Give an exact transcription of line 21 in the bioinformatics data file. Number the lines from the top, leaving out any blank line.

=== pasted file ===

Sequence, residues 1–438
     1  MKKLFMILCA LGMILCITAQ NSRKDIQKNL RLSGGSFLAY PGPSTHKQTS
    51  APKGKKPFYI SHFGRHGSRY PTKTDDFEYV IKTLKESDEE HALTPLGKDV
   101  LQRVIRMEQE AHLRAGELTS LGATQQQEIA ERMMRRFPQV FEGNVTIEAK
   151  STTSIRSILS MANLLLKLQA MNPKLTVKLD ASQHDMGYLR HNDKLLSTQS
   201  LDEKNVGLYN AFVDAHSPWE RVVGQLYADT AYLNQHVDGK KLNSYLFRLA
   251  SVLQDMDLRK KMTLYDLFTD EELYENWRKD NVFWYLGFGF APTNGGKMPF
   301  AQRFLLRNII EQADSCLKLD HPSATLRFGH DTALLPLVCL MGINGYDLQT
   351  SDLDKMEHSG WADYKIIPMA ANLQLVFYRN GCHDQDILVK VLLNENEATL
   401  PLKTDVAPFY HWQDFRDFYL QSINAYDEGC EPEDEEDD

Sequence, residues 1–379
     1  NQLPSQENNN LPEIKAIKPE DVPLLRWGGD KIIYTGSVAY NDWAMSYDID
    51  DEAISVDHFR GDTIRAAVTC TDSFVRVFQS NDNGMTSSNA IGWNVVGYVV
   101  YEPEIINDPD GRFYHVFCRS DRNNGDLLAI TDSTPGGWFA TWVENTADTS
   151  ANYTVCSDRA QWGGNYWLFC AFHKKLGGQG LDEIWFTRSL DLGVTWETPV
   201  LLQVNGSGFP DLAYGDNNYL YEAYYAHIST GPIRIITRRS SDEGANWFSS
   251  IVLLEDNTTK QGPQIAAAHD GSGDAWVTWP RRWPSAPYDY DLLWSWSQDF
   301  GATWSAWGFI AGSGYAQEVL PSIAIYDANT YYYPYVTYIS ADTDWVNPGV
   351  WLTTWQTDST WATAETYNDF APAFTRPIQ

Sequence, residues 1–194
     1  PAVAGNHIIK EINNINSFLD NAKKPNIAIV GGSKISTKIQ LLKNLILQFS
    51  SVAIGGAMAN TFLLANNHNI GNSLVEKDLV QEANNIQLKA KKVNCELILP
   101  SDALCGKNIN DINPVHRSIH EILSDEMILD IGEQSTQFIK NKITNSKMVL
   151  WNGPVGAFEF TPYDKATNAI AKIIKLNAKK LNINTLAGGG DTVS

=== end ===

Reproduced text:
     1  PAVAGNHIIK EINNINSFLD NAKKPNIAIV GGSKISTKIQ LLKNLILQFS